The U.S. remains committed to providing a persistent defensive presence in the Red Sea alongside allies and partners, the commander of Naval Forces Central Command said today.
Navy Vice Adm. Brad Cooper said about 1,500 merchant ships have safely transited the Red Sea since mid-December when the U.S. launched Operation Prosperity Guardian. The operation is a multinational, maritime security initiative responding to the recent escalation in Houthi attacks originating from Yemen.
“We are certainly mindful of the continued threat and expect the Houthi attacks may continue,” he said. “I think really importantly, though, our actions in this defensive operation are not just through words, but through deeds.”
Since mid-November, Houthi rebels have launched 25 attacks against merchant vessels operating in the Red Sea. Those include the detonation of an unmanned surface vessel in international shipping lanes earlier today.
While no ships were hit in the most recent attack, Cooper said that the persistent threat from the Iran-backed Houthi rebels in an international shipping lane is a vital concern.
“Our assessment is that 55 nations have direct connections to the ships who’ve been attacked, whether through the flagging state, where the goods were produced or destined, or the nationalities of the innocent mariners aboard each vessel,” Cooper said.
“The impacts of these attacks stretch across the globe,” he said. “This is an international problem that requires an international solution.”
On Wednesday, the governments of the U.S., Australia, Bahrain, Belgium, Canada, Denmark, Germany, Italy, Japan, Netherlands, New Zealand and the United Kingdom issued a joint statement condemning the attacks and warning the rebel group against further escalation.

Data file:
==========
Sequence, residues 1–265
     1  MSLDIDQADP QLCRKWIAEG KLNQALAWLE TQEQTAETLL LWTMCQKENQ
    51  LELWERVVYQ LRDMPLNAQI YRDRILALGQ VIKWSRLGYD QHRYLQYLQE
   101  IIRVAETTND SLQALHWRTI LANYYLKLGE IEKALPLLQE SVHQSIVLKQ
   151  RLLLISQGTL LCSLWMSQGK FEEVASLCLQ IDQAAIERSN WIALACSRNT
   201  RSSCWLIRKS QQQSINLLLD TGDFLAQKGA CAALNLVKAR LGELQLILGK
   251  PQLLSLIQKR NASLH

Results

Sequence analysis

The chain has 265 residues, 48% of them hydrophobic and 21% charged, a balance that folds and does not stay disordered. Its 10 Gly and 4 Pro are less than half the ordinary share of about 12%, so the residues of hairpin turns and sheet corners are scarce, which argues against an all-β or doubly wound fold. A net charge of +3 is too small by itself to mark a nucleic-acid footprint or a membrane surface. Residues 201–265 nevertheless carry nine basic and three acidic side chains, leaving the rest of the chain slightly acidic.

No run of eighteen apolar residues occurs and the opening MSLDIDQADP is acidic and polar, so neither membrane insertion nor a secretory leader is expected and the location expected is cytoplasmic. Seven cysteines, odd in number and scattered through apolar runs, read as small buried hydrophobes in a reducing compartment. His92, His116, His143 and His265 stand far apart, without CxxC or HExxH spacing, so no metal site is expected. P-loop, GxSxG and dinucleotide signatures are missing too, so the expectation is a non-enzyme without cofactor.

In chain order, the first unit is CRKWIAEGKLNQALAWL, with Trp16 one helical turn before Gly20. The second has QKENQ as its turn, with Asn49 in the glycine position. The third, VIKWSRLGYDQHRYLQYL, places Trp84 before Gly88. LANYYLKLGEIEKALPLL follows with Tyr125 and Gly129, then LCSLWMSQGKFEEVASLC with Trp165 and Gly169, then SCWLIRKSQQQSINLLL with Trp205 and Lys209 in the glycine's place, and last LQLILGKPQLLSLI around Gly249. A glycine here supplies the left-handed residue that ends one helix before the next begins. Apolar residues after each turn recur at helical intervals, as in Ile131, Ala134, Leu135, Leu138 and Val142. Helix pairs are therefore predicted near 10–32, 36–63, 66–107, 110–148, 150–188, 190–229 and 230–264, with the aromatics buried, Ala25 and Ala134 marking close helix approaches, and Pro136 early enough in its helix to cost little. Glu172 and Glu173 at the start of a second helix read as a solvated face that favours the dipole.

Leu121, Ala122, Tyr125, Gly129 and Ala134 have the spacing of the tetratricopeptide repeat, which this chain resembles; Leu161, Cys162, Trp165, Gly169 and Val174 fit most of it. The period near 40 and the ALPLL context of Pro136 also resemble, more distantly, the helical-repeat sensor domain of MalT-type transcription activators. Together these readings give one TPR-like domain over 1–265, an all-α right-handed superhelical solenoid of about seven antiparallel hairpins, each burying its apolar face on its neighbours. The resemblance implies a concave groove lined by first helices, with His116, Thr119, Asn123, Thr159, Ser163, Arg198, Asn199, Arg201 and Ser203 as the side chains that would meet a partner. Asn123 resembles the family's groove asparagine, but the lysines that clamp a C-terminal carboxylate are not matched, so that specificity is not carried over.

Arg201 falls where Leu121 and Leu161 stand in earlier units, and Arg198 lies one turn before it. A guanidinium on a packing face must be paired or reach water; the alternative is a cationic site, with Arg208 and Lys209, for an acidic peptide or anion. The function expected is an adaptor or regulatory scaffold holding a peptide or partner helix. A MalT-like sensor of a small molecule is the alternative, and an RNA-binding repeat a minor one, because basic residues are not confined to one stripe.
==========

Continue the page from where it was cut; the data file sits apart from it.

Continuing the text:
“Ongoing Houthi attacks in the Red Sea are illegal, unacceptable, and profoundly destabilizing,” the statement read in part. “There is no lawful justification for intentionally targeting civilian shipping and naval vessels.”
The group of nations warned that the Houthis “will bear the responsibility of the consequences should they continue to threaten lives, the global economy and [the] free flow of commerce in the region’s critical waterways.”
“We remain committed to the international rules-based order and are determined to hold malign actors accountable for unlawful seizures and attacks,” the statement concluded.
Secretary of Defense Lloyd J. Austin III announced the launch of Operation Prosperity Guardian on Dec. 18, while on a multiday trip through the Middle East.
The operation brings together forces from several nations to address the challenges in the region and ensure freedom of navigation in the Red Sea and Gulf of Aden.
The forces will operate under the umbrella of the Combined Maritime Forces and the leadership of Task Force 153, a U.S. Navy-led initiative focused on maritime security in the Red Sea.
Cooper said that since the start of the Operation Prosperity Guardian, the U.S.-led coalition has shot down 19 drones and missiles and sunk three small boats launched by the Houthis against vessels operating in the Red Sea.
Of the drones and missiles shot down, 11 were uncrewed, aerial vehicles; two were cruise missiles; and six were antiship cruise missiles.
“I think the relationships that have always been strong are even stronger,” Cooper said. “Our industry partners have said back to us that Operation Prosperity Guardian is contributing to their sense of security and freedom of navigation in the Red Sea and the Gulf of Aden.”